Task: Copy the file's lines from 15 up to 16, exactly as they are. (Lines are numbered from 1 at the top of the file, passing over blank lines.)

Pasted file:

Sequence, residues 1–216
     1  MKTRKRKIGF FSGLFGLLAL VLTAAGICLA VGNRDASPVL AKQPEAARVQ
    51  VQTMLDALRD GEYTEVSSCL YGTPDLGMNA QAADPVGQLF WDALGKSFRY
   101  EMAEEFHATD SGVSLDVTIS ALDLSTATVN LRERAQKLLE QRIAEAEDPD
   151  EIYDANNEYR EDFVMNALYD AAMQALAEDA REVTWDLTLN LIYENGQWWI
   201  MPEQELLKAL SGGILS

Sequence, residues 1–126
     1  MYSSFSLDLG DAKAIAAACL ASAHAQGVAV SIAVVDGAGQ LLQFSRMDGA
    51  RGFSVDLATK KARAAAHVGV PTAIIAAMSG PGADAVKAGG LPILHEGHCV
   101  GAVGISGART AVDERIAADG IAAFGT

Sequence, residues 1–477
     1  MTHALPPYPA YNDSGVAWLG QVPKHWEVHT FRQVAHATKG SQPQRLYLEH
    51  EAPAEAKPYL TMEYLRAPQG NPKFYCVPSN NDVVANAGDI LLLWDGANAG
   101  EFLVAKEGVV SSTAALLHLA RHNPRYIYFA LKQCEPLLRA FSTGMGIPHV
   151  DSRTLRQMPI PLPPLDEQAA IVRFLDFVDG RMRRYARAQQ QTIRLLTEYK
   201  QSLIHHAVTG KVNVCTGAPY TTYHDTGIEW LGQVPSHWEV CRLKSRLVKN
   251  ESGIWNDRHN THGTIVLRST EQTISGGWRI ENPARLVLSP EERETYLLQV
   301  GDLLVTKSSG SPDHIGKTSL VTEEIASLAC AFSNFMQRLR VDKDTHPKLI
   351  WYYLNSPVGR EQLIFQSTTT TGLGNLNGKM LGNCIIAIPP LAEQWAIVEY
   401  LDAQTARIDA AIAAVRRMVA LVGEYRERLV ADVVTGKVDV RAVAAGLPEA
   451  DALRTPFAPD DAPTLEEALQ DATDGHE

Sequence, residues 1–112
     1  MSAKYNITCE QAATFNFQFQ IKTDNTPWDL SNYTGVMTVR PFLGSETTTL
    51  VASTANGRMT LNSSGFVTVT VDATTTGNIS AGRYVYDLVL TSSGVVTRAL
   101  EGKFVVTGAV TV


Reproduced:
   151  DSRTLRQMPI PLPPLDEQAA IVRFLDFVDG RMRRYARAQQ QTIRLLTEYK
   201  QSLIHHAVTG KVNVCTGAPY TTYHDTGIEW LGQVPSHWEV CRLKSRLVKN